we-are-americans-time

Inspirational talk by Jose Antonio Vargas at TEDxMidAtlantic in October 2012. You can hear the story of Washington Post journalist, Pulitzer prize winner and undocumented migrant Jose Antonio Vargas in his own words. For some background on his coming out and the possiblebut daunting task of combining a successful career and the fear of being apprehended because undocumented read this article published in the The Guardian.

 

 

[youtube http://youtu.be/tmz9cCF0KNE%5D

Gaydar

BEWARE all ye gay men who enter the Czech Republic seeking political asylum from homophobic discrimination; your penis will be hooked up to a machine that will monitor blood flow as you watch straight pornography. This will help the authorities make sure you aren’t lying about your sexual orientation and if you pass, you are granted the gift of asylum.

gay-catching

Of late, the Czech government has been taking heat from other EU countries, particularly the Austrian-based European Union Agency for Fundamental Rights, over the violation of privacy that phallometric testing asylum seekers entails. What is striking to me, is how this serves as an absurd example of the pervasive  biopolitical reality that dominates the political asylum process in the EU.  In this case, the Czech authorities justified their invasive control of bodies and biology with political jargon about the need for security against terroristic asylum impostors. I couldn’t help but chuckle when reading about their verification technology though… a morbid sort of laughter I might add.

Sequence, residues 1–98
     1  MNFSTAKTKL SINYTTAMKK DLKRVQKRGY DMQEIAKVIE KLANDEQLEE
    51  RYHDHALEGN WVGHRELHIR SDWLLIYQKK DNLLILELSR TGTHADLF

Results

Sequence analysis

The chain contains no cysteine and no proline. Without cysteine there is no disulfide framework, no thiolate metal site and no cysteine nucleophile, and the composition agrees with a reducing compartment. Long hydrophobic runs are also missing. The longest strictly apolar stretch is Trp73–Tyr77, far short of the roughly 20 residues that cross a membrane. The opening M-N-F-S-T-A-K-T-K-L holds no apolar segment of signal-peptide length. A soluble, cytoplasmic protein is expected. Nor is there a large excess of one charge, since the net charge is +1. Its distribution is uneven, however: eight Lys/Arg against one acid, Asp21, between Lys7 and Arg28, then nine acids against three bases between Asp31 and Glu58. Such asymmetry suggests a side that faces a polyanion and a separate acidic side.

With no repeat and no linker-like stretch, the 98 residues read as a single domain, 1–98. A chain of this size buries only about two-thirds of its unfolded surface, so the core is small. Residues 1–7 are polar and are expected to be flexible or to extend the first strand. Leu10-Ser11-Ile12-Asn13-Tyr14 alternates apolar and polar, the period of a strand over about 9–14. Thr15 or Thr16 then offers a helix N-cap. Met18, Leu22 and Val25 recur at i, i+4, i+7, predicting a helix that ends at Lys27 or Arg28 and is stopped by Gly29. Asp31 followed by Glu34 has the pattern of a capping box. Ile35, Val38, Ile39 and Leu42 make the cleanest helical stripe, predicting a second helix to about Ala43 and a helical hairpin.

Victim See Victim Do

Radovan Krejcir: Czech political asylum seeker. Accused Mobster. Self-Defined Victim aka “the banana skin man.”